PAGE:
For decades, executives at unionized companies have harbored the fantasy that they could dictate the wages, benefits and working conditions of their employees, just like non-union firms. What stood in their way was the unions’ ability to mount a strike that would prove more costly than paying above-market compensation. In the language of economics, the strike gave workers market power.
Now, at a hydraulics plant in Joliet, Ill., this corporate fantasy is about to become economic reality. Thanks to globalization, declining union density and years of chipping away at labor laws, Caterpillar is set to prove that even unionized companies can operate as if they have no union at all.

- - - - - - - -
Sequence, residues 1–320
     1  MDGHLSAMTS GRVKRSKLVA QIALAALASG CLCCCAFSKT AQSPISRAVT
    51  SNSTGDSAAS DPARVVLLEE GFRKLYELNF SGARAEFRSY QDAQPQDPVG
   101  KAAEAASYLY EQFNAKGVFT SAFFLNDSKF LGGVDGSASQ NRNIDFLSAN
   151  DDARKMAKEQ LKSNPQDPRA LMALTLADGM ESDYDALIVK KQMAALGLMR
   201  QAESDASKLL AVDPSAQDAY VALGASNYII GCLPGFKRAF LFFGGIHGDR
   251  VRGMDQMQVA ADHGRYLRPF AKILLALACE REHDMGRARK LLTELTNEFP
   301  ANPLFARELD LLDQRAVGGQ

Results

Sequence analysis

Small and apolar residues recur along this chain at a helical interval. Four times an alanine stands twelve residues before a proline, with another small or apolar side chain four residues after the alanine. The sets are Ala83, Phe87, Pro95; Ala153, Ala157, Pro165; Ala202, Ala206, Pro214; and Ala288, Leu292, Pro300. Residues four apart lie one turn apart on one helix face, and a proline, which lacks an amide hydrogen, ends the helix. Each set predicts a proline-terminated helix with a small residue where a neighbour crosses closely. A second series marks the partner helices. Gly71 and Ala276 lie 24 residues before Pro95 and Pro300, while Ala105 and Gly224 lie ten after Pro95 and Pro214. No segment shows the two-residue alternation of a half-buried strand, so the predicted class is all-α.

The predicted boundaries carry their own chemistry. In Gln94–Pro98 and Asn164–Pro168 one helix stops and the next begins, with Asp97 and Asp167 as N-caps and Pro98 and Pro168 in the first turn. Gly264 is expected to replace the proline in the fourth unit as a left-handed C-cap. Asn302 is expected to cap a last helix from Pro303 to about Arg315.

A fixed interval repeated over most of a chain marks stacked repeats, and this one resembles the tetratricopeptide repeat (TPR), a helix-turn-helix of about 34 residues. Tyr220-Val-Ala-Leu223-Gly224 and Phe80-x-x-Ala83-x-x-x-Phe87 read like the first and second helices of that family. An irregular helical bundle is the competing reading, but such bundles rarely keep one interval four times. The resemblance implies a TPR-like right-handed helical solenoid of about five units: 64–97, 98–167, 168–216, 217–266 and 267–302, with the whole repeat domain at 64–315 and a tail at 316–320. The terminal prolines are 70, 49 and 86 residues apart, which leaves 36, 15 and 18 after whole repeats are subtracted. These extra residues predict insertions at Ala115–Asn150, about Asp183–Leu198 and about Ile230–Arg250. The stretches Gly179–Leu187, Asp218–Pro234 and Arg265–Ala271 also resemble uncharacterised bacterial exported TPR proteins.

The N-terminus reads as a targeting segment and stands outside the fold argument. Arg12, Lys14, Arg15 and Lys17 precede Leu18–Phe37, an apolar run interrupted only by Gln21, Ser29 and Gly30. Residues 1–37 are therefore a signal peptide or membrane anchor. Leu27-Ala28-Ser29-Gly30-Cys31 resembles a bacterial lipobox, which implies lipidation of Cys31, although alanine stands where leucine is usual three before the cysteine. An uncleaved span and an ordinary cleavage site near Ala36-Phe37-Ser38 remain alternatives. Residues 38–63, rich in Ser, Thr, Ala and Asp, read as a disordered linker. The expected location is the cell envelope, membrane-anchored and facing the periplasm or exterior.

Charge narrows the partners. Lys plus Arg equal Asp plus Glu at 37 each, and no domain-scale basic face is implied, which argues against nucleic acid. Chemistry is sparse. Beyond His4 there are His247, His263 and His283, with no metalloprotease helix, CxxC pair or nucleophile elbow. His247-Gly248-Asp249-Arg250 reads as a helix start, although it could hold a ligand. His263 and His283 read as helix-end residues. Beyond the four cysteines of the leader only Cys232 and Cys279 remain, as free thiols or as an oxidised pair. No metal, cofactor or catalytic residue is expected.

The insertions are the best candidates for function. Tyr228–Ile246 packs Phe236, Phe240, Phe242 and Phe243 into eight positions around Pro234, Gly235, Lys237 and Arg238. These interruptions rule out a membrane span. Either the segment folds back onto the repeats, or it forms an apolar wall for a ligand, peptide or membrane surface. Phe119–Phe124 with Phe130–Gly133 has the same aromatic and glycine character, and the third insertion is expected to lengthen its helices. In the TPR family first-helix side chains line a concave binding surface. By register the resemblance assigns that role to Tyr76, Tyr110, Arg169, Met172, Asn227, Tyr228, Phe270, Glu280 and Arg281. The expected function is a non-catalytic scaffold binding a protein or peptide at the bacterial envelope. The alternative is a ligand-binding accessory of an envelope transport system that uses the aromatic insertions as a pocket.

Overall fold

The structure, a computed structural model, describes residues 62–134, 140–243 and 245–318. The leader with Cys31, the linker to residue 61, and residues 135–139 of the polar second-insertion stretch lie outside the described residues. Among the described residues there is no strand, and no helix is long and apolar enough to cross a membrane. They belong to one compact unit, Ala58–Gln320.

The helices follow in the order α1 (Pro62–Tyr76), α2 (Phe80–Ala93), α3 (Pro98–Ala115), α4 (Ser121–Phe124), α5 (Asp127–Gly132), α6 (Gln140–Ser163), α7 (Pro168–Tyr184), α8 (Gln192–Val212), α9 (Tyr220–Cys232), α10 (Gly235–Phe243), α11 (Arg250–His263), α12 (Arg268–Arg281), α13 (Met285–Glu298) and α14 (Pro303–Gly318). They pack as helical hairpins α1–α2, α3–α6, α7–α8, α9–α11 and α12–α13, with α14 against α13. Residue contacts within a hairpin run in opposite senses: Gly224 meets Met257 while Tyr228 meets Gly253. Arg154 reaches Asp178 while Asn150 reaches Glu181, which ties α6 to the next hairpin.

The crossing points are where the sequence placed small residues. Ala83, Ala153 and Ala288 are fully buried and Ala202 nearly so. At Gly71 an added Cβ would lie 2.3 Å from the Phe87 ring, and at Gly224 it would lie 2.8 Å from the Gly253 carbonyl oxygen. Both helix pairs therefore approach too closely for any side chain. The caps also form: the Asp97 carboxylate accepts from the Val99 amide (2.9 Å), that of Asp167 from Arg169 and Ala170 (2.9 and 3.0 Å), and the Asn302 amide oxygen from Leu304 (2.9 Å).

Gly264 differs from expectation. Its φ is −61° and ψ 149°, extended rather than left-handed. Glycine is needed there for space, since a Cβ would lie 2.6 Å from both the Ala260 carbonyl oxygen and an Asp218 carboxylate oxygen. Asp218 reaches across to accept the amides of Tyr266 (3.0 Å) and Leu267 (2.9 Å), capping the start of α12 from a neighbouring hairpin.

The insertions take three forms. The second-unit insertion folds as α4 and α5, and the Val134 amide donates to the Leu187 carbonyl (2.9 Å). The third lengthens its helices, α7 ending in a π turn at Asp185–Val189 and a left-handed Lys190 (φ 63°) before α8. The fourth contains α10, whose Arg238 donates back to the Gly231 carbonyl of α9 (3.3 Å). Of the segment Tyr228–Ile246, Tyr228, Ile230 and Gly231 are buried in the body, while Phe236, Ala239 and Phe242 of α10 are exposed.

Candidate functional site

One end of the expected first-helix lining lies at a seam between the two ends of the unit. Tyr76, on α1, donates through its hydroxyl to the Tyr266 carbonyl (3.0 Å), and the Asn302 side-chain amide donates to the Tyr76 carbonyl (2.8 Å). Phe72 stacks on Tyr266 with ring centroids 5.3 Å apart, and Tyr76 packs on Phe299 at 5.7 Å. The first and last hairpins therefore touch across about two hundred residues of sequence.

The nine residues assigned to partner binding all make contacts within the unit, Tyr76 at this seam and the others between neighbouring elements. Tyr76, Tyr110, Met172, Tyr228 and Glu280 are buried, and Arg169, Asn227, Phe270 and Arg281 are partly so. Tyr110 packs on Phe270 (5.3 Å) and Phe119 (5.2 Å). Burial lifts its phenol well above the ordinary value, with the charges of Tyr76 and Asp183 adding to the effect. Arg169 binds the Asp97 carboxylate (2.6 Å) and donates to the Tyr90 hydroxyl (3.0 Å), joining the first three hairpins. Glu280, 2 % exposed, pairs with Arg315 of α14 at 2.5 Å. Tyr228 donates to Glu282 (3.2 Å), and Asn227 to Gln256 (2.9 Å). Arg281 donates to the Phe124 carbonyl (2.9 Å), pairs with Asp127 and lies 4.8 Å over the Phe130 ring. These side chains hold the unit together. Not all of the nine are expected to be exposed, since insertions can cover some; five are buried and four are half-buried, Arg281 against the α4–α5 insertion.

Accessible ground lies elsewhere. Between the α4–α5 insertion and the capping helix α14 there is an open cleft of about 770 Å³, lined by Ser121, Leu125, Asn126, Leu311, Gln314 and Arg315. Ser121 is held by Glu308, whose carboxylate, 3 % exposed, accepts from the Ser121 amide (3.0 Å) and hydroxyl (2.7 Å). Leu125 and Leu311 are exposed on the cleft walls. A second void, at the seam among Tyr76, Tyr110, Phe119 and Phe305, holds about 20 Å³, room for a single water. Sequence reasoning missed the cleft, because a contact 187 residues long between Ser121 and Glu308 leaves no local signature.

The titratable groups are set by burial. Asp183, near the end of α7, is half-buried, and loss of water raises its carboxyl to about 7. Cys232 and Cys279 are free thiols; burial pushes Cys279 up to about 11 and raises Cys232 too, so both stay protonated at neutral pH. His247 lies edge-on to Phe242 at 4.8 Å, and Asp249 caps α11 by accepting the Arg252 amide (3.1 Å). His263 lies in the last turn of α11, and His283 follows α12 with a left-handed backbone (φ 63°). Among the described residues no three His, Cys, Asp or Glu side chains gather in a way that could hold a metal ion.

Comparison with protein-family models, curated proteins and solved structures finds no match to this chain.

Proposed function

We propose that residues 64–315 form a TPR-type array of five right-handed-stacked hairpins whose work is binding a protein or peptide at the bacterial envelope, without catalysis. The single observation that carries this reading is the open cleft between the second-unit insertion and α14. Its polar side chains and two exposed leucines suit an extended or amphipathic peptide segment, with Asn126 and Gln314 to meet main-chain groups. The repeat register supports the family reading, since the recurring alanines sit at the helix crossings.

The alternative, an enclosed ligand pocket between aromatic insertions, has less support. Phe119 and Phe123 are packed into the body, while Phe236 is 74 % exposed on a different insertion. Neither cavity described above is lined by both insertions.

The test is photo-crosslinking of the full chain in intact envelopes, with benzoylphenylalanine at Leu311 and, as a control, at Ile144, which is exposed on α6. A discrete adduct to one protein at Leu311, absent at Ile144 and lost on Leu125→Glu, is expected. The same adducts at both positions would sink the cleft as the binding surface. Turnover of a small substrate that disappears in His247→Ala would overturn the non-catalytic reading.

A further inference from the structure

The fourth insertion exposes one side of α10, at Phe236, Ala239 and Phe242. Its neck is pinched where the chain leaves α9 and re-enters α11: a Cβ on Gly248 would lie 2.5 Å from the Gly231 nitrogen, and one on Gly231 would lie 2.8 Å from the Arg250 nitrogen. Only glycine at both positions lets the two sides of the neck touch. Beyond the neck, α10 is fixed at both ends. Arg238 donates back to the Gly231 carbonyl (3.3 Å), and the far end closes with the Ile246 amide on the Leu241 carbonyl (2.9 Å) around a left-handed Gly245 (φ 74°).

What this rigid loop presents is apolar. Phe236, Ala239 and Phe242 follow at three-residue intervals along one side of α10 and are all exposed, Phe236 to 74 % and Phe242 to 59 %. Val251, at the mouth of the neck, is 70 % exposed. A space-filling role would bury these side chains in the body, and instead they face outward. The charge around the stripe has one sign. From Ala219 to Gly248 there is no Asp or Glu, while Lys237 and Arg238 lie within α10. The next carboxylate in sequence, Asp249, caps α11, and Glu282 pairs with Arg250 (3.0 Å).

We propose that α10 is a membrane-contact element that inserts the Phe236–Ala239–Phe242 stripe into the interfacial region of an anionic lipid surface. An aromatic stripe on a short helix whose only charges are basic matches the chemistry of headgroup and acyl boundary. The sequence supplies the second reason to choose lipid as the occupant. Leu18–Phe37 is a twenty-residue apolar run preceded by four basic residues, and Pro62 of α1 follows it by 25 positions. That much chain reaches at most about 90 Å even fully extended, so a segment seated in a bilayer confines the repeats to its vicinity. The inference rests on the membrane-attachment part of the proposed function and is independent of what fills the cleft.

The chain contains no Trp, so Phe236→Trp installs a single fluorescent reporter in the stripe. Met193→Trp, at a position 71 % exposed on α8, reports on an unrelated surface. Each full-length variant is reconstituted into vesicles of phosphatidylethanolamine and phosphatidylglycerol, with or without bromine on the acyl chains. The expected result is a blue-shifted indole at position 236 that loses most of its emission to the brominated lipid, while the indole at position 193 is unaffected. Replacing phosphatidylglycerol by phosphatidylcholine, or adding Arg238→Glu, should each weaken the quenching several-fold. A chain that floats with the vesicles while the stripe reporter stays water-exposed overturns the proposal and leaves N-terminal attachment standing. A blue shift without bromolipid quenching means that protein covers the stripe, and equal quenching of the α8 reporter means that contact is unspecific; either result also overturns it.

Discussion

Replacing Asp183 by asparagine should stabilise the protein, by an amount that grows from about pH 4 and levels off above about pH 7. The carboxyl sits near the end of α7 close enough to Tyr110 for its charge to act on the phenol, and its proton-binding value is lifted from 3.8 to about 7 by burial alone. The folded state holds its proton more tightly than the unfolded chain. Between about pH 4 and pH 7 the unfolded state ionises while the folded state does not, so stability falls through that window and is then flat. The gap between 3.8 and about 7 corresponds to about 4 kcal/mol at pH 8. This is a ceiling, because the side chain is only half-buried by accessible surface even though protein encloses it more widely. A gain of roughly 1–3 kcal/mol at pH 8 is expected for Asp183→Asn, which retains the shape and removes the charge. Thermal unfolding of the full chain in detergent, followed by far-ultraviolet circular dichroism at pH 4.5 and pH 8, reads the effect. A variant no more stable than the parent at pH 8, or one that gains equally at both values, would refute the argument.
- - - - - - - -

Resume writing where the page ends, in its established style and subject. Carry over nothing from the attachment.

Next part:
It’s no longer just a matter of getting unions to agree to “concessions” and “give-backs” in order to save their plants or avoid corporate bankruptcy, as happened in the steel and auto industries. As Caterpillar aims to demonstrate in Joliet, even a thriving, global powerhouse posting record profits can take a strike and impose market-level wages and benefits on its unionized workers.
It’s been three months since Local 851 of the International Association of Machinists voted overwhelming to reject Caterpillar’s “best and final” offer and go out on strike. In terms of negotiations, there really haven’t been any. From the outset, Caterpillar made it clear that there really wasn’t anything to negotiate.